Judge allegedly forged dozens of evaluations

District Court judge formally charged with interfering with his judicial review

NASHUA – A Nashua District Court judge in on leave without pay after it was learned he forged dozens of evaluations as part of the state’s review of his position, according to documents released Monday by the New Hampshire Supreme Court.

The Telegraph has attempted to obtain documents related to Judge Paul S. Moore, 59, and his evaluations from last year. The New Hampshire Administrative Office of the Courts denied a request by The Telegraph seeking copies of Moore’s evaluations, stating that the Judicial Branch is not subject to the state’s Right to Know law.

On Monday, however, the Supreme Court released a trove of documents after Moore was formally charged with interfering in his judicial review. Moore, a Bedford native, is due in Concord for a hearing in May to answer to the charges.

Judges are chosen at random every year to be reviewed by the Judicial Conduct Committee by people who have had business before the court. Moore was notified on July 10 that he would be reviewed, and by the morning of July 11, 2017, 16 evaluations had been sent into the committee via the online survey program. The reviews all contained perfect scores for Moore in every category, according to the statement of charges.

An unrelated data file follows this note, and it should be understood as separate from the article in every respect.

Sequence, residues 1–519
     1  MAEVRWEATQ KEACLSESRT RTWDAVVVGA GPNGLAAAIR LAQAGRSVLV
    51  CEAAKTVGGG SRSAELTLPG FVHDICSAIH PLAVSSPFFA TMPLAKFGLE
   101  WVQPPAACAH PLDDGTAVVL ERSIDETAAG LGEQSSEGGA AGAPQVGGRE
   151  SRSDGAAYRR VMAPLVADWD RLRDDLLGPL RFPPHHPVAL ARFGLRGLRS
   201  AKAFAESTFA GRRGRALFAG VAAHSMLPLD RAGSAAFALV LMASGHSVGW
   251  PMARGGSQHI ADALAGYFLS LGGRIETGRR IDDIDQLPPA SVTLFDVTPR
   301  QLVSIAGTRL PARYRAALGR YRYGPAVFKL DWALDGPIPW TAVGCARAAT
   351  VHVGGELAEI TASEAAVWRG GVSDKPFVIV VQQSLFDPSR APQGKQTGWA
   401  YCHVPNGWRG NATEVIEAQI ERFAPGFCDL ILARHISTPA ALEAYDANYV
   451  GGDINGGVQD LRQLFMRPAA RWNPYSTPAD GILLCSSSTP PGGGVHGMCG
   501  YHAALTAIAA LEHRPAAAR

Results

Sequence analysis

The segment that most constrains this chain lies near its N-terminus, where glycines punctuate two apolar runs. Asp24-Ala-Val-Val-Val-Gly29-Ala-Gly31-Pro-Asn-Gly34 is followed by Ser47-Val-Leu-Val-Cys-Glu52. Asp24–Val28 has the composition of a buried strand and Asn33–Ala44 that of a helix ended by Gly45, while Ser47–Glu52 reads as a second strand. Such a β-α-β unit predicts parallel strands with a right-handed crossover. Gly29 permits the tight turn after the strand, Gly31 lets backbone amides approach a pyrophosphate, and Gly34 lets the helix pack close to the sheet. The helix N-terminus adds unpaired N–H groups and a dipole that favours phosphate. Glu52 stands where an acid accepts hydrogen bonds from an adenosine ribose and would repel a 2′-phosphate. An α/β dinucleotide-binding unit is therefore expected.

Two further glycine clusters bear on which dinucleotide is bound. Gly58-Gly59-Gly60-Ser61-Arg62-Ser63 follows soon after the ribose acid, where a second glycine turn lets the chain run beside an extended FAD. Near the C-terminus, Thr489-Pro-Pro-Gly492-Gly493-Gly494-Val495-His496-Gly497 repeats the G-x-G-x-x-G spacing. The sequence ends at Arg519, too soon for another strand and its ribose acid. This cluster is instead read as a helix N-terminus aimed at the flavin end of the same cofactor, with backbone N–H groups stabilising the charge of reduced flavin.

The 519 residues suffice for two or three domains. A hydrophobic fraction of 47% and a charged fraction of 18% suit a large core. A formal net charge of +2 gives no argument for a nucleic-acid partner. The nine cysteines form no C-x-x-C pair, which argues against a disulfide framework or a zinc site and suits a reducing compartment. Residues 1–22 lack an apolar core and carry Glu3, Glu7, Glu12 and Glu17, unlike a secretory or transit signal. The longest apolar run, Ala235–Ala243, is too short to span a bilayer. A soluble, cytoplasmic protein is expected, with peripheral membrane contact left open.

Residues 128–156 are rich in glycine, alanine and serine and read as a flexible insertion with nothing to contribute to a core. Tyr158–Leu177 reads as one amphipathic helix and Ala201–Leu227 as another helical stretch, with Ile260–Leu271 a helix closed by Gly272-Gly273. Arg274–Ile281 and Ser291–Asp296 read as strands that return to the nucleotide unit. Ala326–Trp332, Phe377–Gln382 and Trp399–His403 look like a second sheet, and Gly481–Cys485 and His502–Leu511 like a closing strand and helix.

“Several of the evaluations which were submitted on Tuesday, July 11, 2017, contained narrative comments containing phrases that Judge Moore was known to use frequently in his dictated orders, and a number of these evaluations contained punctuation marks such as exclamation points which are not normally seen in such judicial evaluations,” the statement of charges allege.

These evaluations were coming in, even though the public notice inviting reviews of Moore had yet to be made public. By July 12, after an e-bulletin went out from the New Hampshire Bar Association News, Moore had dozens of reviews, 80 percent of which were positive.

The unusually high volume, and the disproportionate number of perfect scores raised suspicions, according to the documents released Monday. A September confidential memo to the Supreme Court Chief Justice Linda Dalianis states that the committee decided to check internet protocol, or IP, addresses to find out where all the reviews were coming from.

One IP address was responsible for 12 perfect scores, all coming in during times Moore was not serving in court. The IP address was traced to Newport, near where Moore has a vacation home, according to the memo. The memo also alleges Moore was trying to “stuff the ballot” by getting police and probation officers, and landlords who had business in his court, to give him favorable reviews.

Moore was removed from the bench on Oct. 16 and placed on leave with pay. At the time, officials refused to give details behind Moore’s removal. Moore is now on unpaid leave, and due for a hearing before Supreme Court Chief Judge Robert Lynn on May 11. The matter also has been referred to the New Hampshire Attorney General’s Public Integrity Unit.

Damien Fisher can be reached at 594-1245 or dfisher@nashuatelegraph.com or @Telegraph_DF.